Preventing Muddy Color – Mud vs Color- Download
Using a photo of a yellow rose as her reference, Dianne explores the first preventing mud concept–when the values of colors are in context with their shadow and not-in-shadow fields, the colors will not be muddy. Dianne demonstrates what it means for a color value to be in context.
Series 26: PREVENTING MUDDY COLOR
Mud vs Color- S26L1
This lesson is S26L1, Mud vs Color of the PREVENTING MUDDY COLOR series. Muddy color plagues many artists. Using a photo of a yellow rose as her reference, Dianne explores the first preventing mud concept–when the values of colors are in context with their shadow and not-in-shadow fields, the colors will not be muddy. Dianne demonstrates what it means for a color value to be in context.
No single color can be muddy. Mud happens in relationship to surrounding colors. If a vocalist sings a flat note or a guitar string is out of tune, the off note by itself would not be offensive. The same is true for color. It requires a sour relationship to its neighbors to become muddy. This series explores four ways to prevent color from becoming muddy.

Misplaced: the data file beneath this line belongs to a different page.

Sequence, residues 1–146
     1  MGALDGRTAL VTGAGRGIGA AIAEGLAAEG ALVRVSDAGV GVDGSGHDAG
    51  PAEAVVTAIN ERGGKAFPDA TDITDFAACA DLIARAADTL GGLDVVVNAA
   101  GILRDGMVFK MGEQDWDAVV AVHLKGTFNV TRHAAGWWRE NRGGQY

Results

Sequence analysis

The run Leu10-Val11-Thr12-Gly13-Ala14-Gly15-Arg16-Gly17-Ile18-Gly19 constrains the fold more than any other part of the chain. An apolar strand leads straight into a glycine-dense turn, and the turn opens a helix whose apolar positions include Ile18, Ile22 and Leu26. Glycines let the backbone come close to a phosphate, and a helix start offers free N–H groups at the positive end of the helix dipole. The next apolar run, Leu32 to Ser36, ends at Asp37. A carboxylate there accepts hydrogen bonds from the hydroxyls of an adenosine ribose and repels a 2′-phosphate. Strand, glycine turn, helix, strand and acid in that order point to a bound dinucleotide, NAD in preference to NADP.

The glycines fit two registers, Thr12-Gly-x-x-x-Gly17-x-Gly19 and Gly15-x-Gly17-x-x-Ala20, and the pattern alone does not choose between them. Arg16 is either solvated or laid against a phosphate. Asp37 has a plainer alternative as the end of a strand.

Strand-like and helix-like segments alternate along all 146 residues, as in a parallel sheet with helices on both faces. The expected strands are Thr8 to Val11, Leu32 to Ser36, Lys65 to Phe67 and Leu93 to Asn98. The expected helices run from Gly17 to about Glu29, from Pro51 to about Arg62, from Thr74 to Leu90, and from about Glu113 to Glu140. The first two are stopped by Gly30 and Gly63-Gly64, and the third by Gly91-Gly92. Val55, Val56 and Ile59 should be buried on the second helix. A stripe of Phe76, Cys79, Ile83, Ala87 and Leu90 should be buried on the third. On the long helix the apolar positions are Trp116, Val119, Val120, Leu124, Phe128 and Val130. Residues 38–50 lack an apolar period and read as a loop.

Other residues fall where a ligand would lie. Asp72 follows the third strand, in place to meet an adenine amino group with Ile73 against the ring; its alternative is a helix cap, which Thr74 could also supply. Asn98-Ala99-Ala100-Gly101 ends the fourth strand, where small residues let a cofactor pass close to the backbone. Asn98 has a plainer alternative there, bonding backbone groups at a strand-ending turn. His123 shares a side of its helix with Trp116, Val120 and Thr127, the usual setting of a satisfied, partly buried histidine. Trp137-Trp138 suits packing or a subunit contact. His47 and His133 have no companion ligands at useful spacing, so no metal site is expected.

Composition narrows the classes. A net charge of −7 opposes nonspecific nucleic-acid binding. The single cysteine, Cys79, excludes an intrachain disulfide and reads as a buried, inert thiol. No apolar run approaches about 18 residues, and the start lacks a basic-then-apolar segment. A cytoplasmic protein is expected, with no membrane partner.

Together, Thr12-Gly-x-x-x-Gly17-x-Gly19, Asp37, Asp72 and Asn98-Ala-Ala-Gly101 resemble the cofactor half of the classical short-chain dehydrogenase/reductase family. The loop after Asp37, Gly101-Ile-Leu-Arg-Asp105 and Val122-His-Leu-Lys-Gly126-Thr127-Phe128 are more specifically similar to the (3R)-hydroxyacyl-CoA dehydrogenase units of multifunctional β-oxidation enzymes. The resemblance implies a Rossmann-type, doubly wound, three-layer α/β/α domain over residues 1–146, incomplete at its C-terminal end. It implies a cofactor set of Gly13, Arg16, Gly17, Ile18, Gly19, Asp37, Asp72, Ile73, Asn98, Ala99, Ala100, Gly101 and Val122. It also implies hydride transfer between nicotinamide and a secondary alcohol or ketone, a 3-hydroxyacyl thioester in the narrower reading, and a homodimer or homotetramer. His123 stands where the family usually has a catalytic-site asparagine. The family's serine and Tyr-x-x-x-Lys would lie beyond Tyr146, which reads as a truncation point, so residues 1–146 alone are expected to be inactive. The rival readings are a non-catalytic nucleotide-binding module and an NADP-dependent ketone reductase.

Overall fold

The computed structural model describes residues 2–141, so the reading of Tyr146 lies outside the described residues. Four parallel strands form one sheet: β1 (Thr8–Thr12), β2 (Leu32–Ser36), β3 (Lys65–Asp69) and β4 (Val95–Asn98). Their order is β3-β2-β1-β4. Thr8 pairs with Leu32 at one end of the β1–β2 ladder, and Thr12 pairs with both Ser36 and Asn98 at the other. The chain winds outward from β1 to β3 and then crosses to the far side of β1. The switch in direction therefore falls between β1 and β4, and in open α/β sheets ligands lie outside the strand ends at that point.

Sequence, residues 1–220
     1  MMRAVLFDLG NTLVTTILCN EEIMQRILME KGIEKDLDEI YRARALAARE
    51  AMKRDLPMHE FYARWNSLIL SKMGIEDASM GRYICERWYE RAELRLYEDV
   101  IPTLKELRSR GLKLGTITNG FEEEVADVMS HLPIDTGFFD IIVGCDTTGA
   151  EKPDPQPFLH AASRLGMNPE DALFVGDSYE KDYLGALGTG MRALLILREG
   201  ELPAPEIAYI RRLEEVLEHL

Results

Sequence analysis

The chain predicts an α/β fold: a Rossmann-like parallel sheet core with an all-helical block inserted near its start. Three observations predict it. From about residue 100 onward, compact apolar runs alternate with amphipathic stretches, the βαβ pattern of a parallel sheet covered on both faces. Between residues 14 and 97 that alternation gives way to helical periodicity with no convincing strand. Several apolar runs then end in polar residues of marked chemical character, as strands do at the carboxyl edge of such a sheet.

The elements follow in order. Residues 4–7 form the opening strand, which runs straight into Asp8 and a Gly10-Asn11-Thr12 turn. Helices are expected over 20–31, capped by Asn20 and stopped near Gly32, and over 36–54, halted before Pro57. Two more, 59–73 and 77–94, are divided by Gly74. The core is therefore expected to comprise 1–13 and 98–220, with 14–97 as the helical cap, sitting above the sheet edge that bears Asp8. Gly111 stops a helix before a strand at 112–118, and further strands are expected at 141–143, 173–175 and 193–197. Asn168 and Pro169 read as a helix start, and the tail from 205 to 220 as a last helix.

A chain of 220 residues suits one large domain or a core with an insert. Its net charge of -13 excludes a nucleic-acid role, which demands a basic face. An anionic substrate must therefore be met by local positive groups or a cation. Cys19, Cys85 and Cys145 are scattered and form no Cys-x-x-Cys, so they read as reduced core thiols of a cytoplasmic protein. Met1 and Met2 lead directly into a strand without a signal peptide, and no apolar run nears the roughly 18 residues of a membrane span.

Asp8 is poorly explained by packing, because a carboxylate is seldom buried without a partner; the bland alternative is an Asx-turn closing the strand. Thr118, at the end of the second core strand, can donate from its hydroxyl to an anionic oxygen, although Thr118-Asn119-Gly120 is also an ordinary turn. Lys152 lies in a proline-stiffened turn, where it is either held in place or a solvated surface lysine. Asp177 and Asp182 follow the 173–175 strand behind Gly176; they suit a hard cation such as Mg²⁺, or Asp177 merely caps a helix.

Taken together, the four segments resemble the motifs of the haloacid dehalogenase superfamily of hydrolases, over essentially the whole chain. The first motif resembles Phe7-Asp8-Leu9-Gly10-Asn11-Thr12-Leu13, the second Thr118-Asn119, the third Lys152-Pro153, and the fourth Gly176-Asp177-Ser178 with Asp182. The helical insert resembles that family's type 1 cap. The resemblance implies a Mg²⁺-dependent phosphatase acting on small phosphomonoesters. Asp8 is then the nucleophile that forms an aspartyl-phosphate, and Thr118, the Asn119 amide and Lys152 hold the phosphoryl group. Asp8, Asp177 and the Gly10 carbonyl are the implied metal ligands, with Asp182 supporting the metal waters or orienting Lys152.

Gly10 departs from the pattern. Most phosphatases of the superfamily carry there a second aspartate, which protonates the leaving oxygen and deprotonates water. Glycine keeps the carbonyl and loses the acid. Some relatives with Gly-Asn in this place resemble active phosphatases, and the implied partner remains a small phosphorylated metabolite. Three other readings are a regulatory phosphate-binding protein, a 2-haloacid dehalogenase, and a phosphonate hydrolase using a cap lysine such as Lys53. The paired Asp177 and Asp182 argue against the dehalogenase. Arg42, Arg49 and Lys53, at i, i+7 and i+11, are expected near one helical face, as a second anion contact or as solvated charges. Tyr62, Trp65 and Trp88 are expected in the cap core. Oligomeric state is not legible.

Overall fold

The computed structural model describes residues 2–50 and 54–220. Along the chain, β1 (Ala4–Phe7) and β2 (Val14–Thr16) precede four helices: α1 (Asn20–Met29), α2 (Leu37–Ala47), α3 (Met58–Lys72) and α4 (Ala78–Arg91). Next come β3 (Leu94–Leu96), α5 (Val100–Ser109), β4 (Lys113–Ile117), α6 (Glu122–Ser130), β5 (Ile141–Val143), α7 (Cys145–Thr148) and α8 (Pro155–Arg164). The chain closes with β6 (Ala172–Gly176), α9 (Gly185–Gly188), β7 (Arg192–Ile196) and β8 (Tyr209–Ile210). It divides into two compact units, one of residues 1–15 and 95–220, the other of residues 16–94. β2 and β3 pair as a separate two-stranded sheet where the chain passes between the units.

Rather than becoming refined paintings, all these lessons are studies, each showing a different concept for dealing with muddy color. Lessons Three is built on the study done in Lesson Two. Lessons One and Four are independent studies. If mastered, these four concepts can help any artist eliminate muddy color from their paintings.
With every brushstroke we make, we are composing. Just as with any creation, we begin with a structure, then as the art work begins we place shapes and colors according the concept with which we are working. But the time comes when we move to a different level of thinking and decision-making–that moment when our intention becomes to bring clarity and resolution to the work.
Among Dianne’s passions about painting and teaching painting is how composing principles can expand creative freedom if the artist transcends the “rule” idea and instead, transforms the principle into a tool that opens creative doors.
Read Dianne’s Compose blog posts HERE. Visit Dianne’s website and example her work HERE. And visit her YouTube Channel with dozens of Quick Tips HERE.
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